Shane Goodwin subscribes to an axiom that holds that leadership is the planet’s most-observed yet least-understood phenomenon. When Goodwin, associate dean of executive education and graduate programs and a professor of practice, considers why that might be, he returns to a fundamental glitch in our perception of leaders.

We tend to think of leaders as defined by a title or position: your members of Congress, your C-suite execs, your military leaders and so on. But there’s a difference between the power people command by virtue of their jobs and the trust they earn through true leadership. Some people in authority are not, to Goodwin’s thinking, good leaders. (Your boss isn’t a leader simply because of having the power to fire you, for instance.) Goodwin believes the confusion comes down to the verb in the traditional definition of leaders, which holds that a leader influences others to accomplish a goal.

“I’ve always rejected that,” he says. “The influence can be done with positive or negative stimuli, and I don’t think leadership is that. In my definition, my i-word was never ‘influence.’ It was ‘inspire.’ Because you have to inspire people to a mutually shared goal.”

The Leadership Speaker Series is part of a fundamental mission by Cox to ensure its graduates enter the workplace more prepared to lead—and to democratize the information and to spur action by inviting in the wider community.

The current Cox School curriculum was built on three pillars: business analytics, experiential learning and leadership. It was designed in part based on feedback from the School’s corporate partners and recruiters who view the less-tangible ability to lead as a critical quality in current and future hires. In that spirit, Goodwin worked with the Cox School’s director of corporate engagement and strategic partnerships to create the new Leaders on Leadership: Fireside Chat Speaker Series for the SMU Cox community. The series is free to attend and open to the public.

In September, the speaker series kicked off with a conversation with Craig Kessler, the chief operating officer of the PGA of America. Kessler worked in private equity after earning his MBA from Harvard, then was the top executive at Topgolf for five years before the PGA tapped him.

Former Dallas Cowboys Quarterback Troy Aikman explains how he has expanded his leadership skills since retiring from football.

The eclectic lineup continued with Troy Aikman, the Hall of Fame quarterback for the Dallas Cowboys, currently a noted TV sports commentator and now the founder of EIGHT Beer; and Patrick Walsh, the retired four-star admiral who began his Navy career as a top aviator and rose to command the U.S. Pacific Fleet from 2009 to 2012. He is the current president of Cristo Rey Dallas College Prep. Celanese Corporation CEO and President Lori Ryerkerk, George W. Bush Presidential Center CEO and President Ken Hersh, SMU President R. Gerald Turner and Trinity Industries CEO Jean Savage will round out the first year’s slate of speakers in the spring semester.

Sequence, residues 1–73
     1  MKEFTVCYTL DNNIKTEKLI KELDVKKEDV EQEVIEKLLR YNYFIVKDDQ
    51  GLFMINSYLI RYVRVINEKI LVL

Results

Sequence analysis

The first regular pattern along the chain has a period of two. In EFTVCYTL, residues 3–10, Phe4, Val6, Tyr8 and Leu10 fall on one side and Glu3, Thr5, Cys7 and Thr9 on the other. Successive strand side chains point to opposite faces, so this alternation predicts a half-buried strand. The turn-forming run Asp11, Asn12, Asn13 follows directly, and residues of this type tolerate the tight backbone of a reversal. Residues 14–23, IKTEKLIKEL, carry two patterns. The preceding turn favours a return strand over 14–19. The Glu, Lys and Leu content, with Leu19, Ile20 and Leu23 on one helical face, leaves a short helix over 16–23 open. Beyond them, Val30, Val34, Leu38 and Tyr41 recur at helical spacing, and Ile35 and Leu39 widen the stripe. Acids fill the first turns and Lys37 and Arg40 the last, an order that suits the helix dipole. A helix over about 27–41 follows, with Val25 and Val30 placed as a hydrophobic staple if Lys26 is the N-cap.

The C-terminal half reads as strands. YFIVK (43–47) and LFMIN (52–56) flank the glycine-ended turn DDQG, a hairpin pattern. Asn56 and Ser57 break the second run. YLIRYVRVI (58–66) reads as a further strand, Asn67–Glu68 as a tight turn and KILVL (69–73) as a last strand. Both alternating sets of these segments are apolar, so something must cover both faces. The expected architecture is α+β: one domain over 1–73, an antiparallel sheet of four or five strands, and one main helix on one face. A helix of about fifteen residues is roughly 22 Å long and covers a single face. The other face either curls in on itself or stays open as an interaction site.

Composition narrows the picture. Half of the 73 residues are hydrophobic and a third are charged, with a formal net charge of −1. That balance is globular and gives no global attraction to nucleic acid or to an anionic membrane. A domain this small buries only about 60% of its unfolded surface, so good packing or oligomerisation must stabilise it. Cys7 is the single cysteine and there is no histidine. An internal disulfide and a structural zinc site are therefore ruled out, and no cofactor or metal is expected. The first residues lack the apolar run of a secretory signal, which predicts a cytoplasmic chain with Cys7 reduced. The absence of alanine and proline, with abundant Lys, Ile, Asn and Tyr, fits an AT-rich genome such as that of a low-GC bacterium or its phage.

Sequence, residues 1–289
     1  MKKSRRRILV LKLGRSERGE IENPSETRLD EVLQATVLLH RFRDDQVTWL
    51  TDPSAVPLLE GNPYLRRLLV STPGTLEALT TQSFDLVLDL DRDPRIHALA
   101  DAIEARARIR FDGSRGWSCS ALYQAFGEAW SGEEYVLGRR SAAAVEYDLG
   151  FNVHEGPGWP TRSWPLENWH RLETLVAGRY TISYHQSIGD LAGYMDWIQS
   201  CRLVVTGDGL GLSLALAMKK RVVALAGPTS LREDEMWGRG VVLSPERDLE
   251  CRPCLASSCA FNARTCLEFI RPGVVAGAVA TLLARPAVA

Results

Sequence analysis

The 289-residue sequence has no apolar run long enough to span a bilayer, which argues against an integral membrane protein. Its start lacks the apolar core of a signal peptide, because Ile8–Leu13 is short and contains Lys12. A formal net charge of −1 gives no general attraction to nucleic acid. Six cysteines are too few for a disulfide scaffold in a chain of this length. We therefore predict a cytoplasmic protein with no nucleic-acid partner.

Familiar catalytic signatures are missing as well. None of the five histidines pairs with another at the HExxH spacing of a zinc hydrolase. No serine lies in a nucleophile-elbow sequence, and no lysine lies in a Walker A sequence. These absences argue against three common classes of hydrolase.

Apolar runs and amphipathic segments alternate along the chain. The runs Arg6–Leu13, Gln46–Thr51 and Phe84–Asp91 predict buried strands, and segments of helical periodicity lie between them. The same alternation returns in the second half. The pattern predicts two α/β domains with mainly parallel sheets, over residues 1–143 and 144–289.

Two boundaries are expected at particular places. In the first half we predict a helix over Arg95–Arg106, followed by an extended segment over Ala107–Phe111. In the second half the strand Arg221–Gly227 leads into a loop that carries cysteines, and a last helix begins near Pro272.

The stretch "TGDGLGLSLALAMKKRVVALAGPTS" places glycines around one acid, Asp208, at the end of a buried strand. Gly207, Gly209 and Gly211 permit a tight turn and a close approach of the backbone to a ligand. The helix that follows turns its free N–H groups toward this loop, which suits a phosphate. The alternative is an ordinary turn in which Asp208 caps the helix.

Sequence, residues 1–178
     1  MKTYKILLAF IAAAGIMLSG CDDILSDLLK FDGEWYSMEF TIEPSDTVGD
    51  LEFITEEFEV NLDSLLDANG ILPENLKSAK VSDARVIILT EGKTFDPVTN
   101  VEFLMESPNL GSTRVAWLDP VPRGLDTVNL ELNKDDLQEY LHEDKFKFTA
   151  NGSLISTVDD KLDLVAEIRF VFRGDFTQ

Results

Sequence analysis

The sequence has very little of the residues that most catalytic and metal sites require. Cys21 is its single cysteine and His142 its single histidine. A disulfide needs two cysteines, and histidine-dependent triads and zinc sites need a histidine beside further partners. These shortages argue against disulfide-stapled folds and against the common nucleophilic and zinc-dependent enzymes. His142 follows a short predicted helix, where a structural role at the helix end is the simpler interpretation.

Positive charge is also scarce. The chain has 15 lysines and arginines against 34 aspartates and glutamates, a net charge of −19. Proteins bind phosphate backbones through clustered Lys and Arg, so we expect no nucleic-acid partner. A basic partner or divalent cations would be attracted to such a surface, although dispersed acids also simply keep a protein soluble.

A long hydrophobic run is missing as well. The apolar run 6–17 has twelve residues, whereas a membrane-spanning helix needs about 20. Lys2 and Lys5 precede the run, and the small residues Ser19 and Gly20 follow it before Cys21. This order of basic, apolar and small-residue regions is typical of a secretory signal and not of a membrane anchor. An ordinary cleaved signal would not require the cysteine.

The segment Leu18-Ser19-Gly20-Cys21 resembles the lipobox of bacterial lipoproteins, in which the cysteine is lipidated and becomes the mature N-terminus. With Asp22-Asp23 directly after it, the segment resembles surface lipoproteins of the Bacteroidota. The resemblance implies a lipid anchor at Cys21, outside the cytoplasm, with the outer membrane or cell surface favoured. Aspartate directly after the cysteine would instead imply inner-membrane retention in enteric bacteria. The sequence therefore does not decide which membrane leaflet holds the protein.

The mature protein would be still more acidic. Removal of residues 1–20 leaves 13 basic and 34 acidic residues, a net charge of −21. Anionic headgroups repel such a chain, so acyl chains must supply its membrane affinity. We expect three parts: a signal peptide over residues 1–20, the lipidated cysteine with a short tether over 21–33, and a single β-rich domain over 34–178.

Through the series, Goodwin aims to show students and others in the Cox community how differently leadership can manifest in different settings—and to tease out similarities in leadership insights from people in an array of fields.

Besides having won acclaim on the field and on TV, Aikman is also the father of two daughters, one of them an SMU Cox student. Being a parent is arguably an even more important leadership role. Aikman told Goodwin he uses the leadership advice he learned long ago from former Cowboys Head Coach Jimmy Johnson. “(His) approach as a head coach was very effective. Paraphrasing Johann Wolfgang von Goethe, he would say, ‘Treat a person as they are and they will remain. Treat people as they can be, and they will become.’ It’s amazing and it’s true. You experience that not only in athletics or in business, but you experience that in relationships,” Aikman said.

Leadership, that elusive goal, often begins with conversations about navigating difficult moments, and perhaps steering into painful choices. In his talk with Kessler, Goodwin asked how he managed to steer his previous company, Topgolf, through the pandemic. “We furloughed 25,000 people in 24 hours,” Kessler said.

Faced with the grim job of cutting staff, Kessler reflected on his days at Harvard Business School. A professor there had instilled in him a core principle for guiding a large team. Everyone harbors insecurities— about their body, about their status, about their income, about something. A leader’s job, Kessler realized, is to figure out what that insecurity is and help put it to rest. “Figure out how to make them feel psychologically safe,” he told Goodwin and the Speaker Series audience. “When I use that mindset, I think it makes a big difference.”

PGA of America COO Craig Kessler answers questions from audience members.

So, when Topgolf made those cuts and thousands of people were logging into Zoom to get the dreadful news, Kessler had the company post a slide that showed a brain and a heart. “We said, ‘What we’re about to do comes from both these places,’” Kessler said. “‘We have to protect the ability to keep this business going. But we want to do it in a way that when COVID ends—and we know it will end—you still trust us and you’re willing to come back to work.’” Topgolf indeed survived. And the next year, on the other side of the worst of the pandemic, Forbes included Topgolf on the magazine’s 2021 America’s Top Large Employers list.

Just as Kessler thought back to his Harvard days to guide his toughest choices, so too does Goodwin expect Cox students to draw upon their schooling when called upon to lead.